The Food Standards Agency (FSA) last year asked the Advisory Committee on Pesticides (ACP), independent scientific advisers on pesticides, to consider whether longstanding public advice on washing or peeling fruit and vegetables for hygiene reasons was also necessary in relation to pesticides.

The ACP has concluded that washing or peeling fruit and vegetables is not required as a protection against pesticide residues.

However, the FSA advises that it is sensible to wash fruit and vegetables before eating for reasons of general food hygiene, but considers that as a matter of principle, safe use of a pesticide should not be dependent on such action by consumers. The Agency would not agree to the use of any pesticide if fruit or vegetables treated with it would have to be washed or peeled for safety reasons.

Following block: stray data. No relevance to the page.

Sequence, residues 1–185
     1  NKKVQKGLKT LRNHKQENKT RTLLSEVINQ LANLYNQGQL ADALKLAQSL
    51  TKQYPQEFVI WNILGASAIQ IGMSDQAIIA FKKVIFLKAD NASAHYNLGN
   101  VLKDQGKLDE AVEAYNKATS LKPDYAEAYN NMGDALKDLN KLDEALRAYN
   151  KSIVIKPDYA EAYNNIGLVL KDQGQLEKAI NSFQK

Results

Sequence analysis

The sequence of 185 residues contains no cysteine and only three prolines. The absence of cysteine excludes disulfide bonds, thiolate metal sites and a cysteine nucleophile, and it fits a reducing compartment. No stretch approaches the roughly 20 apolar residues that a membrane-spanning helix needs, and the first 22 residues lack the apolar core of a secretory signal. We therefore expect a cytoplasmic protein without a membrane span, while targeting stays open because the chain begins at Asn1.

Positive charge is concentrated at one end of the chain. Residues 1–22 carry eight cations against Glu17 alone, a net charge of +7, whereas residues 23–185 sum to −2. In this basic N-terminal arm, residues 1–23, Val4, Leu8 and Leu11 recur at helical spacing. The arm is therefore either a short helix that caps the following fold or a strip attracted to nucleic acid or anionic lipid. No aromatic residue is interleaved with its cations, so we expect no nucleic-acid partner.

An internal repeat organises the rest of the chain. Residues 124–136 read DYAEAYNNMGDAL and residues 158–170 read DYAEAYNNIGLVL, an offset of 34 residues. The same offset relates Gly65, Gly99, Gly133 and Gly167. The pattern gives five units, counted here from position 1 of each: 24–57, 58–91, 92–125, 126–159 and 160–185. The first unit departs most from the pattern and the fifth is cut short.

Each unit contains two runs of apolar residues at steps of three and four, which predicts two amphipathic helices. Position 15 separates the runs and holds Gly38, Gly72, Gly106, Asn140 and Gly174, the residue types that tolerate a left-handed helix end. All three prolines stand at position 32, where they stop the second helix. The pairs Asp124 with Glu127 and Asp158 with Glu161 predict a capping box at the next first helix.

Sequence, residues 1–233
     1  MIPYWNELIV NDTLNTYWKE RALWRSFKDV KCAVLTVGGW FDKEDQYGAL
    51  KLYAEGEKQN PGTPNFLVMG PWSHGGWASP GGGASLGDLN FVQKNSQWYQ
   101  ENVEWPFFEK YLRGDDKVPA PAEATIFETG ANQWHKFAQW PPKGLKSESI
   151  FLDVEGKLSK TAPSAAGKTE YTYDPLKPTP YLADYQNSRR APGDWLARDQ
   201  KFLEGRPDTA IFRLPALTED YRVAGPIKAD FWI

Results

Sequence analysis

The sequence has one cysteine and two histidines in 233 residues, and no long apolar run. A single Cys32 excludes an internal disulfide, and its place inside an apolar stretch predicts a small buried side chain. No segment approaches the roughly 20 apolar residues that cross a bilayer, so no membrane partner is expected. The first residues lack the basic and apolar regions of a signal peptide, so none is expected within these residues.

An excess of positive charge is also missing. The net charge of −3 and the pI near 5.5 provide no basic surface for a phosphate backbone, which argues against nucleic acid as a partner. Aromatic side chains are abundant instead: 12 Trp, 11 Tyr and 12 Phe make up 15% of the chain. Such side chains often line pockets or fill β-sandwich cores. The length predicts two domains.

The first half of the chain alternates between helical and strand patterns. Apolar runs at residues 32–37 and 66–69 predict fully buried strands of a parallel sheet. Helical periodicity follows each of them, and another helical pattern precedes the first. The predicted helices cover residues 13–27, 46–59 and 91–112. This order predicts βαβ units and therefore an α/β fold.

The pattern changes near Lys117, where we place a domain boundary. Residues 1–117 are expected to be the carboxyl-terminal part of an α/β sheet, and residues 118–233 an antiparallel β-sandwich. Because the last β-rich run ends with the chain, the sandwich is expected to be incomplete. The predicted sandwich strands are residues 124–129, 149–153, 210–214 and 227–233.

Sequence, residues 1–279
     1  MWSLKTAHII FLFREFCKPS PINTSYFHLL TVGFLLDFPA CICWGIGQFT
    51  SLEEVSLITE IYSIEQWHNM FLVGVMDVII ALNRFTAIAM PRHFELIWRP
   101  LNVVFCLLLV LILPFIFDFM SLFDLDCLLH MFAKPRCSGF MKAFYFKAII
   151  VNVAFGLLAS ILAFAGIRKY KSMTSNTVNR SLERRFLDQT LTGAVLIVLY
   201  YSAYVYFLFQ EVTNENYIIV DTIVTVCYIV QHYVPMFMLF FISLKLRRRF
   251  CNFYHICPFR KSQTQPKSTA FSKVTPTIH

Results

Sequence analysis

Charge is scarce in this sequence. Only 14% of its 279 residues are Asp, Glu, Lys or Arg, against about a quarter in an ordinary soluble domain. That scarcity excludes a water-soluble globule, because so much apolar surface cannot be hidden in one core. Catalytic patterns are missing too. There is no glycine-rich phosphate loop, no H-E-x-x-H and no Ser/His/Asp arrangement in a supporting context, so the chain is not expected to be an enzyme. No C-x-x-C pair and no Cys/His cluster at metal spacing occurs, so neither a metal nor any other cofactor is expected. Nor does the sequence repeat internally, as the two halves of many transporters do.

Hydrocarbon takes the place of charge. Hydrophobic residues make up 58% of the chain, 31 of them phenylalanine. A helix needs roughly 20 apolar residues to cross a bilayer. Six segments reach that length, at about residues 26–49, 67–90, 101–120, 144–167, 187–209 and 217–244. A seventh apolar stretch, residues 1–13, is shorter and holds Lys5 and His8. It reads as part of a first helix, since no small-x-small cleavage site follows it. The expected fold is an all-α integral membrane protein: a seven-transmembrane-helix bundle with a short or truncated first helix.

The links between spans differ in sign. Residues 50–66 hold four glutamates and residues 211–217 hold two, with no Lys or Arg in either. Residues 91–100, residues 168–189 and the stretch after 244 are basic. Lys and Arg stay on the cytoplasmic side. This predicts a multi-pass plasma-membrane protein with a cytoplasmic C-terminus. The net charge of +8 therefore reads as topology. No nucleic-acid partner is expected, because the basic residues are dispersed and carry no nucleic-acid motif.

The FSA wants to see pesticide residues on fruit and vegetables reduced to their lowest possible level. If fruit and vegetables do contain any residues, consumers can be confident that they are only present at levels well below those that might be harmful to health.